There have been those shuffles, but there's also been some pushback on that as well. It would have led to a bigger showdown about that, IF streaming wasn't the future, and IF they didn't need cooperation on streaming.
It's probably a kind-of decent maneuver for survivability. We'll see how it works in the end.
|Date:||September 19th, 2011 04:14 pm (UTC)|| |
Well, I refuse to pay for premium channels (I want to be rid of cable altogether but that's not happening yet) but there's still no ETA on Netflix ever having "Game of Thrones," so...
It's not out on DVD yet. They've not even announced a release date for it. I suspect it will ship on DVD a month or so before season two starts on TV.
I think Netflix is going to hang around, getting more and more tattered, like that flag the old lady down the street hung back in '73 when she was still young enough to climb the ladder, and she's too mean to hire anyone to climb up and take it down for her now.
I also think there's a very good chance Amazon is going to quietly sidle in and steal what little business they'll have left. You did know Amazon has a streaming vid department, didn't you?
I do know. I'm watching them with great interest now, though for me the strength is having streaming NetFlix on the X-Box. Or, as my girlfriend calls it, the Flix-Box.
I predict that they are going to hemorrhage customers. I know I'm going to be one, because the integration of the streaming and disc-based content has always seemed such a bonus for me.
See a movie you want to rent, but can watch now? Stream that shit!
Get a movie on instant streaming that doesn't have caption support and you can't understand? Add it to your queue!
You'd think that a company founded on the premise of easily renting movies would realize that two websites is a bad idea. Two websites, with separate recommendation databases. Separate, and probably less effective (fewere data points apiece). No way to check item duplication. And two different billing accounts to handle and remember.
Unless the point is that they secretly really don't care at all about the disc-based subscribers and don't care if they lose them. I just find it really amusing that the better deal for renting DVDs is to go back to brick & mortar.
|Date:||September 19th, 2011 04:32 pm (UTC)|| |
Separate recommendations and queues -- the new DVD company isn't porting over any of your current list from what I read. (they are porting over your credit card details, though.. yay!)
|Date:||September 19th, 2011 04:30 pm (UTC)|| |
This seems like an awfully dumb decision from very smart business. As much as I dislike paying more separating streaming and discs makes sense so revenue and expenses can be tracked. Separating the businesses into separet websites and independent businesses does not make sense. With this announcement my wife and I will seriously discuss dropping part of our plan instead of paying the higher price.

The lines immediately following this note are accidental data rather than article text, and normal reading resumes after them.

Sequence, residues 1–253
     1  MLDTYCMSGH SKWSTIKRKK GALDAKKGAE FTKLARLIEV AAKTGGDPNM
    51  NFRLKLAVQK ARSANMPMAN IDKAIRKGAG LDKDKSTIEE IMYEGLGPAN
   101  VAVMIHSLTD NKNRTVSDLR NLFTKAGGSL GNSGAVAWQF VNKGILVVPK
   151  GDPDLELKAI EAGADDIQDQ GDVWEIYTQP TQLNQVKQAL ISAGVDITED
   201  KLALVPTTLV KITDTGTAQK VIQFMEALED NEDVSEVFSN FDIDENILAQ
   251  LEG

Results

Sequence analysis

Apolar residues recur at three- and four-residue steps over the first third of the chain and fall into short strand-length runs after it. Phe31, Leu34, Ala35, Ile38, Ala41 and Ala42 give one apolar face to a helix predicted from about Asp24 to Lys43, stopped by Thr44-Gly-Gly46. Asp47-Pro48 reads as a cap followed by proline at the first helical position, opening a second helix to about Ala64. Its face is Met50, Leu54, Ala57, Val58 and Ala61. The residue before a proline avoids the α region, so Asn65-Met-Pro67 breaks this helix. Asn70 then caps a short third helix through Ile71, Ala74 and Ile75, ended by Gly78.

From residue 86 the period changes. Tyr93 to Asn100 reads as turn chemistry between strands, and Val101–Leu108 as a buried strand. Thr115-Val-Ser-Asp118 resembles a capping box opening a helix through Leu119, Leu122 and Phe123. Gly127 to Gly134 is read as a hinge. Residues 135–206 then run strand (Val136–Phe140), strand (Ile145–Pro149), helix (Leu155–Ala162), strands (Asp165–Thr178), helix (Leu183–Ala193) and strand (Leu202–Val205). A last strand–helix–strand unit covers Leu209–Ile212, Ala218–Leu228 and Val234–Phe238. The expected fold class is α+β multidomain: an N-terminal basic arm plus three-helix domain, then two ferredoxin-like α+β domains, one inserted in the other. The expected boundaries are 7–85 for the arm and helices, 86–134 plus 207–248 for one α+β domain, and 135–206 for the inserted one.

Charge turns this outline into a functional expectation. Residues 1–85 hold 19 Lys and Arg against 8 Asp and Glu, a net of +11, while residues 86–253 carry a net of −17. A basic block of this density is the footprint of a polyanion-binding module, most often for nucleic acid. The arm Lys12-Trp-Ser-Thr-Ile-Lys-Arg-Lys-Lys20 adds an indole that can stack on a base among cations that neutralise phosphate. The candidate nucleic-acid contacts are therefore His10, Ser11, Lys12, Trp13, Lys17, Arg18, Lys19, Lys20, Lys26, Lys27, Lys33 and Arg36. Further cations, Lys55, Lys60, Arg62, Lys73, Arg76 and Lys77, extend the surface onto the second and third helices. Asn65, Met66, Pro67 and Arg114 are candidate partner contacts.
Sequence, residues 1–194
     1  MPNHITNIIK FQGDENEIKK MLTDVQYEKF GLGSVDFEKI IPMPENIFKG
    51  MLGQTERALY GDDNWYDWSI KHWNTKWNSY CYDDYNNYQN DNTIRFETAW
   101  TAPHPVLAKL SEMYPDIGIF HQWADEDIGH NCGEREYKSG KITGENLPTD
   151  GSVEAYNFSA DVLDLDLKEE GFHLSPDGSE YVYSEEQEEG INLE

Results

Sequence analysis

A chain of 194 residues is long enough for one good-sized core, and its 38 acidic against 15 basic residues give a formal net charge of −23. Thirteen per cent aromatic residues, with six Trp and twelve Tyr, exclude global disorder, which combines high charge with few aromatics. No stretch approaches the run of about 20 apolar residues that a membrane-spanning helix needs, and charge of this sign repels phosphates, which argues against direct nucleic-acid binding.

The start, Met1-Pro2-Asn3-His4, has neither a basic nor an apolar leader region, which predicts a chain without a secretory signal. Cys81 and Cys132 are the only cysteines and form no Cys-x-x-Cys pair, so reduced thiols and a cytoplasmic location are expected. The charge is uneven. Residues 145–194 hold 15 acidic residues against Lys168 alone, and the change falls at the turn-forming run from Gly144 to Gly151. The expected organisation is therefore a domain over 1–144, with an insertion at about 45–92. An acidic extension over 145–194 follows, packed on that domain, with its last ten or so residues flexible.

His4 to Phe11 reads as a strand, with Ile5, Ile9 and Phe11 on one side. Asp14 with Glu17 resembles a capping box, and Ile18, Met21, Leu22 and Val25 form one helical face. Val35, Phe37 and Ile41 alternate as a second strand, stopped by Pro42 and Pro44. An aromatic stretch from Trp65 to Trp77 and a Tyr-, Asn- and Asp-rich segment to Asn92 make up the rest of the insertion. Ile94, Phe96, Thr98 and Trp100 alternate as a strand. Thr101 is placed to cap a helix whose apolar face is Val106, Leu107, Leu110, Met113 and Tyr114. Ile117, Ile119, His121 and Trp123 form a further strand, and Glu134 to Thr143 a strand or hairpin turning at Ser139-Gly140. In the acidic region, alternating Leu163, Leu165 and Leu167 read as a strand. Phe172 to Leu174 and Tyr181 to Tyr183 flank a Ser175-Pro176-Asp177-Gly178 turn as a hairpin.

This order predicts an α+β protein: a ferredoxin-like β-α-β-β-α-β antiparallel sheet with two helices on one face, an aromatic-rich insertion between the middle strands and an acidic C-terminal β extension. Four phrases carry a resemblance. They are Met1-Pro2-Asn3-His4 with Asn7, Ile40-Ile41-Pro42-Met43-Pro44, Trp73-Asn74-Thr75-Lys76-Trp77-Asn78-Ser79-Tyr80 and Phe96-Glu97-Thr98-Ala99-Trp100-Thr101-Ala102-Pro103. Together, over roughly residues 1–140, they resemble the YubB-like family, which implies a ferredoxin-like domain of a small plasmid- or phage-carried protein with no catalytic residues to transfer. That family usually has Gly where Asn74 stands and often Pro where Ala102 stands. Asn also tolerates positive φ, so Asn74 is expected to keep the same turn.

Yeah, I got that groveling email today too. "Qwikster"?? Sounds like a nickname for the Qwick-E-Mart on the Simpsons.
I still haven't decided whether to drop my streaming account. There are things Netflix offers that Amazon Prime doesn't, and vice versa. But honestly, do I really want to pay extra for them?
I'm not into torrents, but I suspect a lot of people are thinking about it now.
|Date:||September 19th, 2011 05:11 pm (UTC)|| |
The announcement was handled badly, but honestly? As a streaming only customer, I'm glad for the change. No more "available on DVD" clutter in my search results. If I want a shiny disc with a shiny new release, hitting a Red Box is far more attractive than adding it to a queue and waiting some indeterminate amount of time for it to arrive.
Ultimately, I think they simply care more about mainstream consumers, who are driven by impulse, than by film geeks, who enjoy maintaining queues. Whether that means they're setting up Qwikster to fail. or expect it survive serving a more niche market, or perhaps even thrive by moving into markets that cannot be served by streaming (i.e. game rental) is an open question.
|Date:||September 19th, 2011 05:26 pm (UTC)|| |
It might work for you, but not for me. I don't care about new releases--I care about the vast catalog of old movies, many of which aren't even on DVD yet, but most of which are not available for streaming.
Im so fucking pissed at netflix right now.
The streaming and the dvds were billed to me as 2 seperate charges. They went through before my check cleared. I got billed a $35 overdraft fee by the bank for each charge!!
That's strange. Mine came through as one charge.
|Date:||September 19th, 2011 05:56 pm (UTC)|| |
It's always 'how the fuck can we make more money'.
I've been a customer of Netflix since it started. I'm not big on "streaming video" although I know it's probably the future of content delivery.
I prefer getting the DVDs in the mail.
I'm also aware that many people are pissed off at Netflix's price hike.
But I'm still going to stick with them as I've yet to find a better alternative.
|Date:||September 19th, 2011 08:46 pm (UTC)|| |
: Another proponent of the "Studios hate to see anyone else make money off of things, NO FILM FOR YOU AT 11" view.
|Date:||September 19th, 2011 09:05 pm (UTC)|| |
When I saw the email from Netflix in my inbox, I almost deleted it thinking it was spam.
After reading the email, the conclusion I came to was that Netflix considers the streaming line of business their growth entity. Spin off the legacy DVD company and see if you can eventually find a buyer.
|Date:||September 19th, 2011 11:12 pm (UTC)|| |
Or Bart_Calendar's explanation above.
I'm not at all sure that the streaming line of business is the growth entity in the immediate future. Netflix has a lot of competition there -- Amazon Prime, Hulu, buying episodes directly from iTunes and so on. (Not to mention torrenting.) I think eventually it will become a growth entity, but it's got a bumpy road ahead.
|Date:||September 19th, 2011 11:32 pm (UTC)|| |
The most compelling argument I read said that the contracts Netflix has with studios for streaming had a maximum number of users built into them, and the total Netflix customer base recently exceeded that limit. So they separated the services so they can show that they are actually still below the limit with legitimate streaming users. (Since not everyone used streaming, even if it was technically part of their subscription.)
Combine that with the ability to more easily offload the DVD business, without reflecting poorly on getting the streaming business, and you start to get an answer.
Still, though, I think I'm going to cancel. I can get the two parts of the Netflix business separately from other suppliers. The compelling part about Netflix was having it all together. Without that convenience, I'm less compelled to put up with their bs. I'm a little sad, though. I've been a customer for a long time.
My kids get a lot of mileage out of the streaming. I will stay will the dvd shipments for the reason I initially joined Netflix. I like some of the more esoteric stuff that can't be found anywhere else.